#MinskMonitor: Misplaced Drone Video Over Donbas

Analyzing video footage of an alleged Ukrainian bombing of Donetsk-area village

#MinskMonitor: Misplaced Drone Video Over Donbas

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Analyzing video footage of an alleged Ukrainian bombing of Donetsk-area village

(Sources: Left — YouTube / News Front, Right — Google Earth, 2017 imagery)

Last week, officials of the so-called “Donetsk People’s Republic” (DNR) accused Ukrainian forces of using a drone to carry out attacks on the settlement of Mineralne, located in non-government-controlled territory north of Donetsk city. DNR officials claimed to down a Ukrainian Phantom-4 drone and recover a video of a bombing run on a flash card. They shared the alleged video on a DNR Telegram channel and a number of pro-Russian and Russian-led separatist media outlets.

However, the video was not shot in Mineralne, as claimed.


Geolocation of footage

Despite the fact that DNR officials said that this footage was filmed in Mineralne — located near the frontline, east of Avdiivka and north of Donetsk — it was actually filmed over 20 kilometers to the southwest over the settlement of Staromykhailivka. Both Mineralne and Staromykhailivka are in non-government-controlled territory with frequent Ukrainian military activity nearby.

(Sources: Left — YouTube / News Front, Right — Google Earth, 2017 imagery)

DNR officials claimed that a civilian was injured in Mineralne as a result of a Ukrainian drone dropping an explosive device onto the town. This incident may have occurred, but it is not in the footage published by the DNR, which took place in an area right on the conflict’s frontline. Below, a map courtesy of LiveUAMap shows the approximate dividing line between government and non-government-controlled (shaded red) territory.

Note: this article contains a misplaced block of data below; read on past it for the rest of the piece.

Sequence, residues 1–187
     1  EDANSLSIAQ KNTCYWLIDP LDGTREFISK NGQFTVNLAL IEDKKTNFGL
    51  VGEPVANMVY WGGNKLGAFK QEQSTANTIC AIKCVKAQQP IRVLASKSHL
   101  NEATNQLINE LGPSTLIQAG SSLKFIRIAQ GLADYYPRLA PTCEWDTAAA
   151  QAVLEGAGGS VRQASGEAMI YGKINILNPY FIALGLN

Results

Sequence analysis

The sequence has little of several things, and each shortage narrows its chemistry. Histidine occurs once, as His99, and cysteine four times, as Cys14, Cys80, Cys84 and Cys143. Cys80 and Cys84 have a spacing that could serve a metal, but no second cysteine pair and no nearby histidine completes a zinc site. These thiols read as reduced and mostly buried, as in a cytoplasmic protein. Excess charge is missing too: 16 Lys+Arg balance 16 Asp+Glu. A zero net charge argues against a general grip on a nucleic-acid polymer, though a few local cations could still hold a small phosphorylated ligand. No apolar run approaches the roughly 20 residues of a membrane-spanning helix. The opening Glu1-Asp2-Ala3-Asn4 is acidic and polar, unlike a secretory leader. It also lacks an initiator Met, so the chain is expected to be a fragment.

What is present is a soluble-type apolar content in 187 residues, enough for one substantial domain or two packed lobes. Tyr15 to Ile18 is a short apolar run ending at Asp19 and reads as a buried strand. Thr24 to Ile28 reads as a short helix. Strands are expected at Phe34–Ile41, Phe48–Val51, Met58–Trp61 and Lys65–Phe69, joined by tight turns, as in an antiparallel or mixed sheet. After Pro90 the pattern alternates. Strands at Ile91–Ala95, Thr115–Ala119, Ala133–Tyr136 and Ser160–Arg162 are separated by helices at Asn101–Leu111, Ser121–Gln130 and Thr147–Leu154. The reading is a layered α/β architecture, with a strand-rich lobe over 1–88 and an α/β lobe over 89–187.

(Source: LiveUAMap)

Bombing run

The alleged Ukrainian drone attack in Staromykhailivka has been previously reported on by pro-Russian and Russian-led separatist outlets, including from the “DNR” Militia Press Service and Patrick Lancaster. Video reports from Staromykhailivka surfaced on November 3, showing the aftermath of a previous alleged drone attack, along with footage showing the aftermath of another explosive device being dropped by a drone in the village.


The two videos were filmed at the same location, with the same DNR fighter providing interviews on the same day. During the two reports, the fighter claims that Ukrainian drones drop different types of explosive devices, including grenades, a shell, and even a tennis ball filled with flammable and/or explosive materials.

Remains of a tennis ball filled with flammable/explosive materials, allegedly dropped by a Ukrainian drone. (Source: YouTube / Patrick Lancaster)

In the video from the drone, the explosive device dropped appears to be a grenade with two blue-capped tubes strapped onto it.

(Source: YouTube / News Front)

However, the video showing this makeshift explosive device being dropped does not show an explosion — it was unclear if this is because it was not visible from the drone’s perspective, if the video was cropped to before an explosion, or if the device was a dud. It was also unclear what the blue-capped tubes were, but were likely some sort of substance or material used to increase the destructiveness of the device, such as a flammable substance.

Future of Trench Warfare?

A Ukrainian drone dropping explosive devices in Staromykhailivka and Mineralne would not be a surprise, as a number of Ukrainian soldiers and organizations have boasted about their success in using relatively cheap drones in dropping grenades and shells into trenches across the Donbas.

As @DFRLab reported in May of this year, a Ukrainian formation linked to far-right nationalist Dmytro Yarosh published drone footage of a VOG-17 grenade being dropped on entrenched positions of Russian-led separatist forces in between Mariupol and Novoazovsk.

Ukrainian defense manufacturers have focused on developing drones that can drop small explosive devices; however, Ukrainian forces have successfully deployed cheap, commercially-available drones over the past year to deliver their payloads to Russian-led separatist positions along the front line. There have been very few significant territorial changes in the past year in the Donbas, meaning that cheap and accurate methods of delivering a payload to enemy positions become more valuable to both sides of the conflict.

Follow the latest Minsk II Violations via the @DFRLab’s #MinskMonitor.

Follow along for more in-depth analysis from our #DigitalSherlocks.